Stephanie O'Dea

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Stephanie O'Dea is an American blogger, New York Times best-selling author[1] and food writer, best known for slow cooking and mommy blogging.[clarification needed][2][3][4] She is mostly seen on Good Morning America[5] and The Rachael Ray Show.[6][7]

Early life and career[edit]

A native of the San Francisco Bay Area, O'Dea graduated in 1999 in English literature from San Francisco State University. Soon afterwards, she married Adam O’Dea, a structural engineer; they have three children.[7] She started her career as a director in preschool centers at the Family Service Agency, for at-risk children.[8] She held that position up until 2003, before getting an opportunity to write a newspaper column called Steph and Sensibility for The Tracy Press.[9]

In 2007, she was seeking work from home opportunities to focus on her children and started working remotely as a headline editor for and Bay Area Parent magazine.[10][11] While editing blog posts for these companies, she started her own blog on slow cooking recipes.[12] She founded and continues to operate the blog, formerly[13][14][15] She continued to work for Bay Area Parent magazine and as a headline editor for until 2010, before focusing completely on her websites and writing.[16]

O'Dea saw success with the launch of her first book Make It Fast, Cook It Slow: The Big Book of Everyday Slow Cooking in October, 2009.[3] The cookbook was listed for six weeks on The New York Times best-seller list.[2][17] In 2012, her website, A Year of Slow Cooking, landed the number three spot on the most influential Food Blog by Cision.[18][19] She has been featured in Real Simple magazine, Woman's World,, and[13] O'Dea is an editor of Simply Gluten Free magazine and the founder of The Gluten Free Search Engine.[20][21] In 2010, she was featured in the Ninja Cooking System infomercial as a slow cooking expert.[22]


  • 2009. Make It Fast, Cook It Slow: The Big Book of Everyday Slow Cooking. Hachette U. p. 48. ISBN 1401394825.CS1 maint: numeric names: authors list (link)
  • Totally Together: Shortcuts to an Organized Life. Berkley Books. 2011. p. 171. ISBN 0425241629.
  • More Make It Fast, Cook It Slow: 200 Brand-New, Budget-Friendly, Slow-Cooker Recipes. Hachette UK. 2010. p. 320. ISBN 1401396488.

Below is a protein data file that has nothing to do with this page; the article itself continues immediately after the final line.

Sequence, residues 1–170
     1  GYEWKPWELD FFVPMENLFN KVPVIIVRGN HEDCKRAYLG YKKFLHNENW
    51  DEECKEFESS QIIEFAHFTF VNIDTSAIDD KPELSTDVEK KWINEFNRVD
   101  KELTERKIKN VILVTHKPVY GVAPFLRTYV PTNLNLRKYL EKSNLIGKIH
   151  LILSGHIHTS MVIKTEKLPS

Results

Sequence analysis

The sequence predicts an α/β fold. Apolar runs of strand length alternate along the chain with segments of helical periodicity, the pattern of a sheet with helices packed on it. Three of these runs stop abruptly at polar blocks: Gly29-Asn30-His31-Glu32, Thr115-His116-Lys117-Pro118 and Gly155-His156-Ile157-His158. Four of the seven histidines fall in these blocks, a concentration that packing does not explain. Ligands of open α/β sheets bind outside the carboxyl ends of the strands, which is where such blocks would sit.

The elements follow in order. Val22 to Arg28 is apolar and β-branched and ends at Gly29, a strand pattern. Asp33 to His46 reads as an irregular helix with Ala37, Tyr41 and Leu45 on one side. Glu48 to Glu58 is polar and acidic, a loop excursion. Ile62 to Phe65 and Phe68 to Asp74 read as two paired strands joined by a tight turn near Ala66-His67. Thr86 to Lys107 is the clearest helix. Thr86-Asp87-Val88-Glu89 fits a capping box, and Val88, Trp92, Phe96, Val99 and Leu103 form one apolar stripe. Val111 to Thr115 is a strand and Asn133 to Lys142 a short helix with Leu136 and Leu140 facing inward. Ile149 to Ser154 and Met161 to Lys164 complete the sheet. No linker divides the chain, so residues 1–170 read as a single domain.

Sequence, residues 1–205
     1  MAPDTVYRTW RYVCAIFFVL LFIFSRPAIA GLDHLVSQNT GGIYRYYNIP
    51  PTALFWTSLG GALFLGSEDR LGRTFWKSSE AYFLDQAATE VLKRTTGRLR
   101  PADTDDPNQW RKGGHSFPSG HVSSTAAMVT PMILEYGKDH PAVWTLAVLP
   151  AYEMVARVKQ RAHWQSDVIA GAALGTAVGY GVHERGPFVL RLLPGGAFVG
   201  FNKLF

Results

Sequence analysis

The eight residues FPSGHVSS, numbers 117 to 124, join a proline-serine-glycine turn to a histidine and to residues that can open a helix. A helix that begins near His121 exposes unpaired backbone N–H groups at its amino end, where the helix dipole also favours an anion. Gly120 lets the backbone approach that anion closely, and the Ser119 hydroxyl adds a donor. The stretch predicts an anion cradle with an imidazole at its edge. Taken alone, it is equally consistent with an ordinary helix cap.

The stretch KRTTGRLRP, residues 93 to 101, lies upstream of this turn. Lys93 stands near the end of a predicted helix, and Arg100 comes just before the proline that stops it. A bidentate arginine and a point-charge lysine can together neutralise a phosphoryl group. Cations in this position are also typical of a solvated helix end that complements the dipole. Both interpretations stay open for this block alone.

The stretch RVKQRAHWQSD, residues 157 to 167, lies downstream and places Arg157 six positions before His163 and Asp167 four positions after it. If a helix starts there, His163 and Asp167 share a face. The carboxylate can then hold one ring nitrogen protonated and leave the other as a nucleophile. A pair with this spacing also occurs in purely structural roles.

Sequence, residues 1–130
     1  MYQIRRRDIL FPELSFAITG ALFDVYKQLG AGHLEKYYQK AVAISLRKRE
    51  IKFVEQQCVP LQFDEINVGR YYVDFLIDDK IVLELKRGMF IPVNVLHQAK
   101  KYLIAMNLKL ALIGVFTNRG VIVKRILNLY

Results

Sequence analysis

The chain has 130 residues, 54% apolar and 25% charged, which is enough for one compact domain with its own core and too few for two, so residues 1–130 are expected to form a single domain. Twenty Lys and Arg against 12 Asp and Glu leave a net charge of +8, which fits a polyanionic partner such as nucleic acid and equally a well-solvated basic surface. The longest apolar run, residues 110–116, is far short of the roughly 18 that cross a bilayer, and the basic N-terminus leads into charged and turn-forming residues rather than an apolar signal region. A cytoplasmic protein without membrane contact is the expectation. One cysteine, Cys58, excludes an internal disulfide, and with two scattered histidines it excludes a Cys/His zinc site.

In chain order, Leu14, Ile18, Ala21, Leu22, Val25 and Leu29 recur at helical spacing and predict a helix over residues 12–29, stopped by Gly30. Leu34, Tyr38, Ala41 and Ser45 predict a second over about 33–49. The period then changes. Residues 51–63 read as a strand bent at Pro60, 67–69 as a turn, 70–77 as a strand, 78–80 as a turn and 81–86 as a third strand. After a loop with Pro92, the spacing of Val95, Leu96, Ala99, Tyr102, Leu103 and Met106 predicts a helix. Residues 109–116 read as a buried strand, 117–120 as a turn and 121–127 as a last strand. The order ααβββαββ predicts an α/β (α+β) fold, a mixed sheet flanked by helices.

• 365 Slow Cooker Suppers. Houghton Mifflin Harcourt. 2013. p. 336. ISBN 1118230817.[23][24]
  • Real Moms Making Real Money Blogging At Home In Their Pajamas (The Mommy Blogger Next Door). CreateSpace Independent Publishing Platform. p. 112. ISBN 1505696526.
  • Going Gluten Free Without Going Crazy: Surviving and Thriving Gluten-Free. p. 38. ASIN B00XKLD0PI.
  • Five Ingredients or Less Slow Cooker Cookbook. Houghton Mifflin Harcourt. 2015. ISBN 0544284224.[25]


  1. ^ "Slow-Cooker Tips Every Home Cook Should Know". Huffington Post. 12 March 2014. Retrieved 12 October 2015.
  2. ^ a b Anya Sostek (25 March 2015). "Author Stephanie O'Dea shows moms how to blog for bucks". Pittsburgh Post-Gazette. Retrieved 12 October 2015.
  3. ^ a b Max Ehrenfreund (23 January 2015). "The unfulfilled promise of the Crock-Pot, an unlikely symbol of women's equality". The Washington Post. Retrieved 12 October 2015.
  4. ^ FAITH MIDDLETON, LORI MACK & JONATHAN MCNICOL (19 October 2013). "365 Easy Slow Cooker Suppers". Retrieved 12 October 2015.
  5. ^ "Stephanie O'Dea's Slow Cooked Chile Verde". Retrieved 12 October 2015.
  6. ^ "Stephanie O'Dea's Slow Cooker Chipotle Pork Soft Tacos". Retrieved 12 October 2015.
  7. ^ a b "Stephanie O'Dea". Cookstr. Retrieved 12 October 2015.
  8. ^ "Children's waiting room at Superior Court". The Almanac. 17 May 2000. Retrieved 12 October 2015.
  9. ^ "Episode 3: Mir Kamin of &". Retrieved 12 October 2015.
  10. ^ kwgn (11 August 2013). "Parents worry about provocative clothing aimed at tweens". CNN. Retrieved 12 October 2015.
  11. ^ Kelly Wallace (10 August 2013). "Too hot for tweens: Why some parents dread back-to-school shopping". Abc15. Retrieved 12 October 2015.
  12. ^ Betty Shimabukuro (5 January 2011). "Slow cooking local style". Star Advertiser. Retrieved 12 October 2015.
  13. ^ a b "Stephanie O'Dea's Biography". ABC News. Retrieved 12 October 2015.
  14. ^ Melissa Gray (9 January 2014). "Slow Cook Your Way To The Colonel's Secret Recipe". Retrieved 12 October 2015.
  15. ^ Addie Broyles (28 September 2013). "Recipe of the week: Buttermilk Brined Chicken". Statesman. Retrieved 12 October 2015.
  16. ^ "Working From Home With Small Children in the House". Retrieved 12 October 2015.
  17. ^ "About the Best Sellers". NY Times. 10 January 2010. Retrieved 12 October 2015.
  18. ^ "Top 50 Food Blogs". Cision. 9 July 2012. Retrieved 12 October 2015.
  19. ^ Max Ehrenfreund (6 February 2015). "The unfulfilled promise of the Crock-Pot, an unlikely symbol of women's equality". The Dallas Morning News. Retrieved 12 October 2015.
  20. ^ "Stephanie o'Dea". Retrieved 12 October 2015.
  21. ^ "How Stephanie O'Dea Turned Her Crock-Pot Cooking into a Best-Selling Career". Thekitchn. Retrieved 12 October 2015.
  22. ^ "Introducing: The Ninja Cooking System". Retrieved 12 October 2015.
  23. ^ Elizabeth Pudwill (22 June 2015). "Slow cooking not just for cool-weather fare". Houston Chronicle. Retrieved 12 October 2015.
  24. ^ Tara Donne (7 January 2014). "Slow Cooker Buttermilk Brined Chicken". Parade. Retrieved 12 October 2015.
  25. ^ Lucy Maher (9 October 2015). "Best of the Season: the best slow cookers to buy this weekend". Retrieved 12 October 2015.

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